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January 20, 2022



Jaroslav Miko: Vaccination doesn't just protect you, it protects us all

12.6.2021 6:19
Jaroslav Miko (Collage:
Jaroslav Miko (Collage:

I have always been in favor of the vaccination against COVID-19 being absolutely voluntary, and I stand by that opinion, but I reject labeling those who have gotten vaccinated or are planning to as "weaklings" who submit to others in a subordinate position and have no respect for their own freedom. Our world has faced and in some places is still facing a pandemic of the kind that hasn't been here in a century. 

Millions have lost their lives, others now have health problems, and the global economy has significantly weakened. To say nothing of what has happened to our children's educational process. 

In such a situation, getting vaccinated, as long there are no objective health barriers preventing one from doing so, is not an act of "weakness". Vaccination is not just about protecting your own personal health, it is about contributing to protecting the health of all of us, as a whole, and that is why it is incomprehensible to me that, for example, Dr Lukáš Pollert has now publicly compared the vaccinations underway to the days of totalitarianism, and said he perceives rejecting vaccination to be an act of civic courage.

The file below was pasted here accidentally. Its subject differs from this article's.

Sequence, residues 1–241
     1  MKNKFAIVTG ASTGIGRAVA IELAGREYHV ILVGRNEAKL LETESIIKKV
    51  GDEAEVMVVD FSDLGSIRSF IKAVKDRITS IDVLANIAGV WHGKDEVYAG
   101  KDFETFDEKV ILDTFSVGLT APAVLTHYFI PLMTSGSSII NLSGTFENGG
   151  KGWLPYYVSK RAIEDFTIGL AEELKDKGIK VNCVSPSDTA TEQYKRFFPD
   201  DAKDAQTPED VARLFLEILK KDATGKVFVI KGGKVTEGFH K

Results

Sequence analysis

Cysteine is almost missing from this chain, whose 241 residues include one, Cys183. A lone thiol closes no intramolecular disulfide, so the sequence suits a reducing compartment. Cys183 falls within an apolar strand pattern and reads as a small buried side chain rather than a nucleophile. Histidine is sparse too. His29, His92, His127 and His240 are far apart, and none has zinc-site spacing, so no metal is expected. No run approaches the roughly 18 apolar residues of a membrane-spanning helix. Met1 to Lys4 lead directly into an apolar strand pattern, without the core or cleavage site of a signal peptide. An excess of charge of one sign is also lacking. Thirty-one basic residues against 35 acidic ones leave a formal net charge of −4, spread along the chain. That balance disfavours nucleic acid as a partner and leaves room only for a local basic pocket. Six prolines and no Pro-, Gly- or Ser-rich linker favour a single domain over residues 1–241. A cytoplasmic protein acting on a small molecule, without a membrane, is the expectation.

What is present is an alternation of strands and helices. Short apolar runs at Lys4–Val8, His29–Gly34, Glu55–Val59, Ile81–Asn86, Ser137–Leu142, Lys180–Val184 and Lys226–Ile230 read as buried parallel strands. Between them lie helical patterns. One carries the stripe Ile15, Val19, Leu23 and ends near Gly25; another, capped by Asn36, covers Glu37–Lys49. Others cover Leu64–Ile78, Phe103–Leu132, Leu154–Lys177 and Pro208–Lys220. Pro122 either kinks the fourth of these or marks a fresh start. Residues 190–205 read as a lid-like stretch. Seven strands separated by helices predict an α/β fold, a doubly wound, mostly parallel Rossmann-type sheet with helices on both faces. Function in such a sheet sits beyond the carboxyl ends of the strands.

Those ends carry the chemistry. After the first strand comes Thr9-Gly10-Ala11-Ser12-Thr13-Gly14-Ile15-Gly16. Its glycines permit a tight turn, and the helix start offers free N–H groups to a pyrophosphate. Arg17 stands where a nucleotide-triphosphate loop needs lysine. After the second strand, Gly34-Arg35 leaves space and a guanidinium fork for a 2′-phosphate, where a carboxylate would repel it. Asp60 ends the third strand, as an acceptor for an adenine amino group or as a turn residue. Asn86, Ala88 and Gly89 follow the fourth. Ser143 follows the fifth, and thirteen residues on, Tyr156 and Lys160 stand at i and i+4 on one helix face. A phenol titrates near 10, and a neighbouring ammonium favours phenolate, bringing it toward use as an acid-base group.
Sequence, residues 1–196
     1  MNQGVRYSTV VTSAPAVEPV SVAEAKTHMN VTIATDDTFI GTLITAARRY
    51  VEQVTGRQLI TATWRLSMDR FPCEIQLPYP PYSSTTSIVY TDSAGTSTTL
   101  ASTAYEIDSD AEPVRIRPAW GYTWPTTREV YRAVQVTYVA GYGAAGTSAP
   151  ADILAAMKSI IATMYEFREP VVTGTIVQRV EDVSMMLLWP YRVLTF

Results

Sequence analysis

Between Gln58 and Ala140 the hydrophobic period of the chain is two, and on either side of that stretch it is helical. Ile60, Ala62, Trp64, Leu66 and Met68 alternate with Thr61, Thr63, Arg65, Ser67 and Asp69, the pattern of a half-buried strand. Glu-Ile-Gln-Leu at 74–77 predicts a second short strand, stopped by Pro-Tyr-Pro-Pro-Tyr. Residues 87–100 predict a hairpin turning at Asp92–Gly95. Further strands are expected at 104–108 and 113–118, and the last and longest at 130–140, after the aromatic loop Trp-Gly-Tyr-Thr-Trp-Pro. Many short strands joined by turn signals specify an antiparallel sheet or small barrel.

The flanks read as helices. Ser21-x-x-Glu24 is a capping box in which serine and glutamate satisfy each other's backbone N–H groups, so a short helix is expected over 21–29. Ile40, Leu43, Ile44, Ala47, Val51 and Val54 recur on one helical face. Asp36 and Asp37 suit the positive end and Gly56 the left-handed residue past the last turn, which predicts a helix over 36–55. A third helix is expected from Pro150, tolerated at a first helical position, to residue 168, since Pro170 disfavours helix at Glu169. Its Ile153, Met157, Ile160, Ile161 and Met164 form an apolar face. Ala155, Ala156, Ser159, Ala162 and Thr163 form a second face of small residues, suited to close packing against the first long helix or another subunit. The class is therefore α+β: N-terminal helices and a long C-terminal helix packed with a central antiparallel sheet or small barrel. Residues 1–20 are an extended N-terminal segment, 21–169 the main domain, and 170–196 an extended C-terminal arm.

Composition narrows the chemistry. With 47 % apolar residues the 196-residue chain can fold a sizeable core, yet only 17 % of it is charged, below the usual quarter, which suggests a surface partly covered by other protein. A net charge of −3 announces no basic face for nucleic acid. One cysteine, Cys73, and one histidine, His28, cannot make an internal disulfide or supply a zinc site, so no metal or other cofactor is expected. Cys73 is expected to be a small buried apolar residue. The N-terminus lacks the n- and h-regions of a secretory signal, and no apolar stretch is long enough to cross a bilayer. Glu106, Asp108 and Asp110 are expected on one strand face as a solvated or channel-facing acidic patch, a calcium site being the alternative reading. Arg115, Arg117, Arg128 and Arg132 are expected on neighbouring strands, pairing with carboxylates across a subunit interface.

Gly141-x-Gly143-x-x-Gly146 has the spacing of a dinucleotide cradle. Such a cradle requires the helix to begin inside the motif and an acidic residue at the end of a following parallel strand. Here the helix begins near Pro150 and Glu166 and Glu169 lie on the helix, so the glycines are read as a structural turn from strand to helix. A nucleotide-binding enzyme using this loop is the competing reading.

Certainly, being vaccinated does entitle one to certain advantages, whether this concerns the opportunity to travel or to participate in various cultural events, etc., and we can object to that. The unvaccinated allegedly are becoming second-class citizens. 

People who at least get tested for the presence of the virus, however, have the same opportunities as anybody else, depending on the outcome of the test. There is one aspect of this that is the most important of all, though.

It's necessary to fully realize what the public interest is, to take into account public health, to take into account the health of endangered groups who, in short, cannot be fully isolated from the rest of society. The freedom of one individual ends where that of another person begins, but if Mr Pollert and those like him perceive their rejection of vaccination to be some kind of fight for freedom, if they are so bold as to compare themselves to the dissidents from the totalitarian era, then from my perspective they are just demonstrating their own ordinary egoism.

It should be up to each of us to decide whether to get vaccinated or not, but those who refused to be tested, or vaccinated, or to be involved in any other way of protecting others, should at least not fatuously present that decision as an act of bravery. Such egoists are very far away from being actual heroes.

Jaroslava Miko, translated by Gwendolyn Albert
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